If you are on the market for a used or pre-owned sports utility vehicle, leverage any of the 5 fast depreciating SUVs detailed below to score big savings.
Tip: If you want to see a car that depreciates quickly, look at one-year-old luxury sedans. Research from iSeeCars.com showed models like Cadillac ATS and Mercedes-Benz E-Class losing 35% of their value after a single year in an owner’s hands.
Overall, SUVs do a better job at holding their value over such a time period. In fact, the sales data showed utility vehicles losing 35% of their value after three years (as opposed to one).
Yet premium crossovers, which often hit the road with a two- or three-year lease, tend to depreciate faster than, say, a Ford Expedition (a model based on the F-150 platform). Here are the five SUVs that showed the most drastic drop in value after three years in an owner’s hands.
5. BMW X5
RELATED: How Reliable is the 2020 BMW X5?
- Depreciation after 3 years: 44.1%
A brand-new BMW X5 cost buyers close to $70,000 on average once they added options to the base model. Three years later, 44% of that value disappeared when they sold them back on the used market in 2018.
That returned a resale price of $39,000, iSeeCars research showed. For bargain hunters, that is an easy path to acquiring a BMW crossover.
However, the BMW X5 has had a rough go of it in the last few years, with numerous public reliability concerns, complaints and recalls, making it difficult for even the most steadfast of BMW fans to get behind. If you’re going to “get behind” the wheel of a used BMW, stick to the earlier years before all the trouble started.
4. Lincoln MKC
- Depreciation after 3 years: 44.3%
In 2015, Lincoln introduced the MKC crossover based on the Ford Escape, and early buyers spent an average of $40,000 for the new model. Three years later, MKC was selling for 44.3% less on the secondhand market.
That’s the equivalent of over $15,000 less for buyers who didn’t mind buying used. With the 2019 MKC sporting the sharp new Lincoln grille, expect prior editions to take the same depreciation hit.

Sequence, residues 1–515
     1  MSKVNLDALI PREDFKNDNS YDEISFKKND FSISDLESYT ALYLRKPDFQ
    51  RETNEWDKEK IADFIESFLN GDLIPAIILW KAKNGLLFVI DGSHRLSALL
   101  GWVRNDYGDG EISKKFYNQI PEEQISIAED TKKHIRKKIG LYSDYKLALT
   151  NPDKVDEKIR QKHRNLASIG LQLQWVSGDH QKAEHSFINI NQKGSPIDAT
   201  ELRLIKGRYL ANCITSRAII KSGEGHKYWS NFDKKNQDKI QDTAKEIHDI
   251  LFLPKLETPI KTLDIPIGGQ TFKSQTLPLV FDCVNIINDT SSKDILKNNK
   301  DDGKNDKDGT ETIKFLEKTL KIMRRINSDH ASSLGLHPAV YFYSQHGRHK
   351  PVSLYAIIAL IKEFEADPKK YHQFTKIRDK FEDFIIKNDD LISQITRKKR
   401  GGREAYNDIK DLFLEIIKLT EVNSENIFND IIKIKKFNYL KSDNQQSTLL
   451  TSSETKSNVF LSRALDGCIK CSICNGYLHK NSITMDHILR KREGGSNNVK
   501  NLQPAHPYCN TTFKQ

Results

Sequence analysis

In 2019, the MKC got a sleek redesign and a new name: the Corsair. In 2021 the Lincoln Corsair made US News & World Reports “22 Best Cars From American Brands for 2021” list.
3. Mercedes-Benz M-Class
- Depreciation after 3 years: 46.2%
Mercedes-Benz models typically join BMW as one of the suvs that lose their value fastest on the U.S. market. In the SUV segment, there is no longer a Mercedes-Benz M-Class. After the 2015 model year, the luxury automaker began calling redesigned models the G-Class. For those who bought the final editions, their value has dropped significantly over three years.
Inh fact, by early 2018, the last M-Class crossovers were selling for 46% less than buyers originally paid. As of July, used car buyers could find models priced as low as $30,000.
2. Buick Enclave
- Depreciation after 3 years: 46.8%
By now, you probably noticed that the vehicles on this list were crossovers (as opposed to truck-based SUVs). Models like the GMC Yukon, Toyota Sequoia, and Expedition tend to hold resale value much better than unibody vehicles.
In the case of Buick Enclave from the 2015-16 model years, this crossover lost close to half (46.8%) of its value by the time owners went to sell in 2018. Again, that value loss doubles as an opportunity for consumers looking for a premium utility vehicle on the cheap.
1. Cadillac SRX
- Depreciation after 3 years: 47.2%
The 2016 Cadillac SRX also bowed out of the market after the 2016 model year. In its place came the XT5, which got pricier for the 2019 model year. However, the 2021 SRX was the only Cadillac that year to get endorsed by Consumer Reports with the covered “Recommended” Badge.
As for buying a used Cadillac SRX? While the iSeeCars.com study showed Cadillac SRX depreciating 47% over three years, further research shows an even more pronounced price drop in models from 2015-16.
The 2016 Cadillac SRX also bowed out of the market after the 2016 model year. In its place came the XT5, which had a higher price tag (starting near $43,000) for the 2019 model year.
Even a two-year-old SRX could be had for under $22,000 in 2018, marking more than 50% off the price from a few years ago. Before you buy a new Cadillac crossover, consider buying a pre-owned vehicle. The odds may be more in your favor.
In many ways the choice between buying used or buying a new SUV model has never been clearer. If you wait out a new vehicle one year, studies show you can save up to 30% off the original purchase price.
Indeed, in general, compact and midsize luxury crossovers tend to see the most value drain after a few years in an owner’s hands. For the value-conscious buyer, the used SUV market is the place to go.